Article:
April 18, 1993 |
Amanda Reighn, 59, sits hunched over the table, carefully fingering the pin-size dots in the Braille reading book. She is blind in her right eye, and is slowly losing sight in her left. Andrew Bemesderfer, 84, sits at a another table, learning how to use the Braille typing machine. He suffers from a degenerative eye disease and expects to lose his sight. These two, along with 20 or 30 others, come to VISCOP three days a week in a room in the Pitman Church of the Nazarene to get out of the house, meet friends and prepare for blindness.
March 13, 2008 |
Sabriye Tenberken has experienced firsthand the prejudice that blind people are subjected to in her adopted homeland of Tibet. She has heard the curses directed at students from her training center, Braille Without Borders, when they venture out on the streets of Lhasa. This shocking treatment stems in part from ignorance and in part from religious beliefs in this Buddhist country. There is a remarkable scene in the new documentary Blindsight, capturing the attempt of six of Tenberken's blind students to scale a 23,000-foot peak in the Himalayas, that shows a Tibetan boy musing about the crimes he must have committed in a previous life to have earned the terrible karma of blindness.
August 21, 1986 |
What we've got here today is a celebration of quiet courage. Of a woman who despite a terrible handicap, made it to an important corporate position with one of the best-known companies in America. Her name is Kathy Letterman, and this is her story. The first thing you need to know about Kathy Letterman is that she is a zone manager for Southland Corp., which owns the 7,000-odd 7-Eleven stores that dot America's landscape like an outbreak of acne. Kathy is responsible for about 100 stores in northern California, and one of her responsibilities, apparently, is to keep up with legislation that could affect those stores.
April 10, 1986 |
The sun shone brilliantly on Jim Ganter's tanned face as he prepared to tee off at the 15th hole of the Hidden Springs Golf and Country Club in Horsham Monday afternoon. In the distance, beyond a sand trap flanked by the rolling, grassy slopes of the course, the green could just barely be seen, marked by a small numbered flag whipping in the breeze. But Ganter didn't see the flag, or the sandtrap, or the sun. Like half a dozen other golfers out on the course that day, Ganter is blind.
September 21, 1989 |
Despite the light mist that clung to the roads early Sunday, Greg Gontaryk, who is blind, took a downhill portion of that road at 45 miles per hour on the back of a tandem 10-speed racing bike. Gontaryk of Upper Darby and bike pilot John Weisgerber of Ardmore were two of the 36 riders who turned out for the May Davidow Memorial Bike for the Blind on Sunday. Four of the 36 were blind. The two were among only 12 of the riders who braved the 50-mile loop that went from Jenkintown to New Hope and back to Jenkintown.
September 10, 1995 |
Patricia Kelly has always considered herself a competent, contributing member of society. Although blind, she has been employed since 1974. But because of gaps in the public transportation system that Kelly considers unfair, she is facing the likelihood of being fired as early as Tuesday because she lost her ride to work two weeks ago. The county's paratransit service provides free or reduced-cost rides for pregnant teenagers, people...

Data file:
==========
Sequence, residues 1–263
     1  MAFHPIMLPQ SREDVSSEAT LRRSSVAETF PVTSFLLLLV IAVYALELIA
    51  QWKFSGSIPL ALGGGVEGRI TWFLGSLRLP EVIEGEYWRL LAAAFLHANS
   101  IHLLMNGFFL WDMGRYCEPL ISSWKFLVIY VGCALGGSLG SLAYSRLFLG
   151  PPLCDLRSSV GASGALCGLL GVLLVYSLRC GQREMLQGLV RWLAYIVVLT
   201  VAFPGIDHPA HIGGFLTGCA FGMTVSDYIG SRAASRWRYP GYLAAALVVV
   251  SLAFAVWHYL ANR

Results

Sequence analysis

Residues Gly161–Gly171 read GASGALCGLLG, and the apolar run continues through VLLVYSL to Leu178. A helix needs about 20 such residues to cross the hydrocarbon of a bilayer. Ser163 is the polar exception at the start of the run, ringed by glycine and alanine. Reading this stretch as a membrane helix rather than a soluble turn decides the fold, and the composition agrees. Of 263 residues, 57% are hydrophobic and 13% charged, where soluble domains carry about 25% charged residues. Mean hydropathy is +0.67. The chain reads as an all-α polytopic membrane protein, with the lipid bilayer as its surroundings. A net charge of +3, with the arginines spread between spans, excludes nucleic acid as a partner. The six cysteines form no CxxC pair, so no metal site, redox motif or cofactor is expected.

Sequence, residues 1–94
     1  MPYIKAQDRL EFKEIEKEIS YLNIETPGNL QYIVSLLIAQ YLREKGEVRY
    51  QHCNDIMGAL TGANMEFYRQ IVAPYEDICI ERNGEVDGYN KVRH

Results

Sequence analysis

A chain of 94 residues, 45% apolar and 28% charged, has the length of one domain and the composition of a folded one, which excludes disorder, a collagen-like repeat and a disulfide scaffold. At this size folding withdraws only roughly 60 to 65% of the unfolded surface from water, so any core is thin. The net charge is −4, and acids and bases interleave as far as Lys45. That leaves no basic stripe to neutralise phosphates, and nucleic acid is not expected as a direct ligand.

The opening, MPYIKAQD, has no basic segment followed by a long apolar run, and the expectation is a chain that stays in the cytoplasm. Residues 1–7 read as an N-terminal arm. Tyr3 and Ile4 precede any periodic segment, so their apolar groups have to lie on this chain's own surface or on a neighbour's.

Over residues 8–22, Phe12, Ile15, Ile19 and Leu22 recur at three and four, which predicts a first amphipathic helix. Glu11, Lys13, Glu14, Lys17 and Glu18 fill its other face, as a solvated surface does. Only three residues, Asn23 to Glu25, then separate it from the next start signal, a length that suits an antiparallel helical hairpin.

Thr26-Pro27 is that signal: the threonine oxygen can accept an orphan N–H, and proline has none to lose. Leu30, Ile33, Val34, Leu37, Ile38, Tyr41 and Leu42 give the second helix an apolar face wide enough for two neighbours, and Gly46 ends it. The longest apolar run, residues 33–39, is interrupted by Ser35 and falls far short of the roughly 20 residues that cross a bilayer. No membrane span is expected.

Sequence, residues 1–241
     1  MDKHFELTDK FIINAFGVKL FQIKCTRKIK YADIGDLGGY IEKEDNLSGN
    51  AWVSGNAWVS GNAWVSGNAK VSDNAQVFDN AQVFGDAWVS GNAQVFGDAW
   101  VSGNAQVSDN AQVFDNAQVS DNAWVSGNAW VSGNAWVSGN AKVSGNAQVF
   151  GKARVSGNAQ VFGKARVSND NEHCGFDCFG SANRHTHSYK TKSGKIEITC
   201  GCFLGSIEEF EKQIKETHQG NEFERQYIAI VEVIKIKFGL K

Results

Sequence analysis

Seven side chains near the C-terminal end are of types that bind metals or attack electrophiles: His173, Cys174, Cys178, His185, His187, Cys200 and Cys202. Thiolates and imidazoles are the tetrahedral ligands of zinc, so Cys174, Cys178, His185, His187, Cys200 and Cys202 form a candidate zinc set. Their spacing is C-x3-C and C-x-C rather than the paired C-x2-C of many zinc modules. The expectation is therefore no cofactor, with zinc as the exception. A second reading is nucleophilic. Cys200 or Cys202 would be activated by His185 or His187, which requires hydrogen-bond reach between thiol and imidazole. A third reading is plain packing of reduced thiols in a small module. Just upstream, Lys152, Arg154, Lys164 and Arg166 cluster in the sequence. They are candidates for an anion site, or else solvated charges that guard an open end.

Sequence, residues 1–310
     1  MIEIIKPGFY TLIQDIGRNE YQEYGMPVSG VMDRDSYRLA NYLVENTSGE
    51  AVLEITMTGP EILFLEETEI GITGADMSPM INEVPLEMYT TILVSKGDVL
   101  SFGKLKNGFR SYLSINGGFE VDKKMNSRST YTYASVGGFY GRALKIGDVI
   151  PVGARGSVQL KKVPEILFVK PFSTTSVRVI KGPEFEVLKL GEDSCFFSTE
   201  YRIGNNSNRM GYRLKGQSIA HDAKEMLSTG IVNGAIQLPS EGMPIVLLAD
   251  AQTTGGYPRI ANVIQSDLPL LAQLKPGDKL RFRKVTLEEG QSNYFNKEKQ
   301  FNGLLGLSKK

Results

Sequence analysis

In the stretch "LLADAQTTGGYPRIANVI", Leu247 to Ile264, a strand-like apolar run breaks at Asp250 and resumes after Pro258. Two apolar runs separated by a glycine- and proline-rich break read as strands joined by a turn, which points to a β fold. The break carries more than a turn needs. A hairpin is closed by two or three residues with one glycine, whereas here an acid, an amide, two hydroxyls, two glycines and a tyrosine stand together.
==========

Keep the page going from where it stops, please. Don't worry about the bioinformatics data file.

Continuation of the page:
June 25, 2004 |
Patrick Molloy devours words with his fingertips. So keen is the 11-year-old Newtown boy's ability to read and write braille that tomorrow he will compete against some of the country's best blind readers. Patrick is among the 60 blind and visually impaired students who scored highest on a test distributed by the Braille Institute of America, a nonprofit organization based in California that aims to help blind people achieve independence. Another local student, Karly Deitrick, 9, of Royersford, is also a contender at the National Braille Challenge.
May 3, 2012 |
Keri Wilkins is incensed. She is a librarian passionately committed to serving the blind and physically handicapped in 29 counties, the entire eastern half of Pennsylvania, sending out almost a million digital books and recorded cassettes a year. "I am appalled. I am angry," she tells me at the branch at Ninth and Walnut, founded in 1882, the nation's oldest library serving the blind, where almost a half-million mint-condition recorded cassettes are, by state mandate, headed for "recycling," that is, the trash.
December 25, 2010 |
After more than a century in Philadelphia, the nation's oldest library for the blind is facing the potential loss of most of its materials and services to its Pittsburgh counterpart. A state-commissioned study has recommended that the Philadelphia Library for the Blind and Physically Handicapped be significantly downsized - at a savings of about $600,000 a year for the Pennsylvania Department of Education, which funds it. Although the principal heir would be the Carnegie Library for the Blind, the study also suggests moving Philadelphia's Braille collection - at 95,000 titles one of the country's largest - to Iowa.
January 21, 2002 |
Feeling her way through the refrigerator's crowded case of cold soft drinks, she paused for direction. "Which one?" snack-bar operator Betty Hightower asked as her hand passed over the customer's iced tea. "Right here?" "It's in the middle of the top shelf to your left," the customer said, already geared up to guide Hightower. It was the lunch-hour rush at Betty Boop's Cafe in the federal court building in Camden, and the snack bar's peculiar exchanges had begun between Hightower and her sighted customers.